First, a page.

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Book review: Feminism For Real

If I had to pick a must-read book from those I've read this year, it'd be  Feminism for Real: Deconstructing the Academic Industrial Copy of Feminism, edited by Jessica Yee, a  "Two Spirit multi-racial Indigenous hip hop feminist reproductive justice freedom fighter," who founded the Native Youth Sexual Health Network.

I read a lot. But this book has been more important for changing how I think about my feminist activism than all the books I've read in the last year combined. You can read some preview excerpts at the Canadian Centre of Policy Alternatives' website (they're also the book's publishers), but I would encourage you to buy the book and read the whole thing for yourself.

Feminism For Real is aimed at people who "haven't yet engaged with feminist dialogue or academia", and also people like me: the privileged, straight, white Women's Studies set of feminists. But as Ashley at Bitch writes: "This book does not require you to have studied feminist theory in academia, and explains to us that mainstream feminism shouldn't either."

Yee and the book's contributors are mostly people who have been sidelined in some way from mainstream feminism and its academic ties - through race, sexual orientation, gender expression, colonialism, and/or class. The book's writers have different backgrounds and different views on the possibilities of academia to ever be a site of social change - some believe real feminists should just say no to the Academy and join real grassroots movements, while others believe there are feminist academics trying their best who just need to do a better job  examining the problems they often unwittingly reinforce by being part of the Academy.

It's not a hate on of academia or feminism, but it challenges us to look at how inaccurate our claims of empowering other women can be when they're built on unexamined privilege and unquestioning acceptance of white people's knowledge.

Reading other reviews of this book on Bitch magazine blogs and elsewhere in the feminist blogosphere, I've seen a lot of people respond with really defensive comments. And I'll admit that it iwas hard for me to read the book without getting a bit defensive. It's hard not to read examples of how people felt marginalized in their Women's Studies classes without thinking, "Well the classes at my school weren't like that, so this has nothing to do with me."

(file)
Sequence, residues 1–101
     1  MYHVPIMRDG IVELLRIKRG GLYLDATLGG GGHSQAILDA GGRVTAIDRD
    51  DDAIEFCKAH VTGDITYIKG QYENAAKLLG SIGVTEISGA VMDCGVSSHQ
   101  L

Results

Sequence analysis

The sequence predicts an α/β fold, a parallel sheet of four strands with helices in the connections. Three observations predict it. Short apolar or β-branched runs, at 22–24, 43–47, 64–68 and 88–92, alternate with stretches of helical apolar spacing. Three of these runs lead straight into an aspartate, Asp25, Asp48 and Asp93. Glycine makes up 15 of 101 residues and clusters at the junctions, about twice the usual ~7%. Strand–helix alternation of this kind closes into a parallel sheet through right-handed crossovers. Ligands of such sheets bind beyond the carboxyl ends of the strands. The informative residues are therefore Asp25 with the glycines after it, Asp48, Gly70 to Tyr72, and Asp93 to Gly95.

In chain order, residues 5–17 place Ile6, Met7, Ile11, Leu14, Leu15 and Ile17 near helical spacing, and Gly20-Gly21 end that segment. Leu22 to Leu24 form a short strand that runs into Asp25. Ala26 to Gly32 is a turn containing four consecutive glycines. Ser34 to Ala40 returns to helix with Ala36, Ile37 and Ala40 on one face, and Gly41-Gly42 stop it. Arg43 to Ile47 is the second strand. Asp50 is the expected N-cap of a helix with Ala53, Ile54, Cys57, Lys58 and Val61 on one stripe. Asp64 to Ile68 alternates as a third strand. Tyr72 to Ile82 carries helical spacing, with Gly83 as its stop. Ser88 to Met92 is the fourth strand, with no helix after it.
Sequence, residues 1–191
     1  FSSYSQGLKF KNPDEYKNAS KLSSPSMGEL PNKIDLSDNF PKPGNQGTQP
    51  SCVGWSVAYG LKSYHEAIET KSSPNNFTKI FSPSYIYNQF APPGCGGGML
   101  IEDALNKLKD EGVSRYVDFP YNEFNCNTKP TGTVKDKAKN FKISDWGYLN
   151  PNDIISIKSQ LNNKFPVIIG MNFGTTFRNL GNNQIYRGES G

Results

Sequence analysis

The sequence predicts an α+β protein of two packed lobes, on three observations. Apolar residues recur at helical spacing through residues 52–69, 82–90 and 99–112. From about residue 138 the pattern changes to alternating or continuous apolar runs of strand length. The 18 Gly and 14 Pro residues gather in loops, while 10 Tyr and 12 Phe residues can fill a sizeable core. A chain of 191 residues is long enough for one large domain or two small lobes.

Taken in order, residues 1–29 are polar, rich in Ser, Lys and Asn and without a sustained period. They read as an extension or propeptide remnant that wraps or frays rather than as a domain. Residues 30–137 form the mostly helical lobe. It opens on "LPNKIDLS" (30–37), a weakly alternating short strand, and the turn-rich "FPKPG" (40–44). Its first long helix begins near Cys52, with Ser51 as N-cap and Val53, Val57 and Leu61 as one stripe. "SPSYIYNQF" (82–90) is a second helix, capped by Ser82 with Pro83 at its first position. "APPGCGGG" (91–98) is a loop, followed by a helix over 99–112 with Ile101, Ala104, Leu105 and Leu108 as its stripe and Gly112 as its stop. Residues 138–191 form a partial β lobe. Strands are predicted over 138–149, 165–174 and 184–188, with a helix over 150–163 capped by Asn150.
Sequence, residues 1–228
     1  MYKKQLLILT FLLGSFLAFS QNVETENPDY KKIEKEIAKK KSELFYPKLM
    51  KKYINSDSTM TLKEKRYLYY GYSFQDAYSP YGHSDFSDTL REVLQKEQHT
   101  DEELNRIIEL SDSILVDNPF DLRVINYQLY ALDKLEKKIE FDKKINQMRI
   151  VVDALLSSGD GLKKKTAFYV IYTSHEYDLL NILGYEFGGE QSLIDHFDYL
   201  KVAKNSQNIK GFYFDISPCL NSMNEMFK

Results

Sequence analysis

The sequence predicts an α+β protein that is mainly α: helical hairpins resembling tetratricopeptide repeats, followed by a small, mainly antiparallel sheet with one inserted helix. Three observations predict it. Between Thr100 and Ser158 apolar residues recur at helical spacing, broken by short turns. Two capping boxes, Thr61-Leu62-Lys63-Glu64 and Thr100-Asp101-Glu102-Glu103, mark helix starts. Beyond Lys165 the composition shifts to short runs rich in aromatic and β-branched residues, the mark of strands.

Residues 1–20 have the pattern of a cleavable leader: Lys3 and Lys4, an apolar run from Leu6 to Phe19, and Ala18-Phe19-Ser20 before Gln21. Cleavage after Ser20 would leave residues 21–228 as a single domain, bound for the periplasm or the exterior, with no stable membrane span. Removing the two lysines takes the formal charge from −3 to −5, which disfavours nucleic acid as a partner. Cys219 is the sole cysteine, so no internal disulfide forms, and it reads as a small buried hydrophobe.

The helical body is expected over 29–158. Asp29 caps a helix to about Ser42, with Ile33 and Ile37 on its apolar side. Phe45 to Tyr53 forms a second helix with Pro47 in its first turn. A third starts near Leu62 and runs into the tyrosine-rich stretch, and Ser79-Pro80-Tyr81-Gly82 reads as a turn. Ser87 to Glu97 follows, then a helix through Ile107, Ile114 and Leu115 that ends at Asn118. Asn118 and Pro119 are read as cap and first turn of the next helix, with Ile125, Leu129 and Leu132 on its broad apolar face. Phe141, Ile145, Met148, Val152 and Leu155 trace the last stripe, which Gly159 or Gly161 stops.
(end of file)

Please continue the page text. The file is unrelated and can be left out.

But the more I read, the more I realized that I am complicit, and besides, as a straight, white, middle-class feminist with an academic background, I'm the last person who should be evaluating how inclusive the academy is, or how successful it is at breaking down inequalities. It's up to me to take responsibility for my privilege and try to make changes and become a true ally, but it won't be up to me to say if I've succeeded. One contributor in Feminism For Real talks about their "blood memory" as a First Nations person - the memory of how you and your ancestors were treated and continue to be treated under colonialism.

I don't have "blood memory". My Scottish grandfather was never put in a residential school. My British grandmother was never told her children would lose their legal ethnic status if she married a non-British man. My British grandfather was never forced into slavery. My Swiss grandmother was not forced to pay a head tax when she came to Canada.

Not only did my ancestors not experience these things, I continue to profit off legacies of inequality.

That's why I needed to read this book, and why I have to try to implement the recommendations made in the last section by Krysta Williams and Ashling Ligate for "Deconstructing Dialogue in Feminist Education". I've examined my privilege in previous blog posts, but it's something I have to work on every day, and I thought Williams and Ligate had some fantastic suggestions. I won't list them all here because I think you should get the book and check them out yourself, but I'll end off mentioning a few in particular that are ones I need to keep working on:

  • "DO be ready to take on "menial" tasks for communities you are trying to "ally" with."- Williams & Ligate point out that being an ally can go really wrong if you're always trying to take ownership of the struggle or the issues.
  • "Recognize that despite everything, communities that are labelled as "oppressed" or are struggling, are still vibrant, alive and thriving in whatever ways they can." Don't let recognizing struggle lead you to make out these communities as victims incapable of acting for themselves.
  • "DON'T pretend that you are separate from systems of oppression."
  • "DO acknowledge that every issue is someone's lived experience and open yourself to empathize with their pain and struggles without being creepy. Be real." This goes back to the desire to say, "Well that wasn't how I experienced it" or "I didn't see that happening, so you're wrong." Even if you didn't see it, the other person's experience is real and valid.

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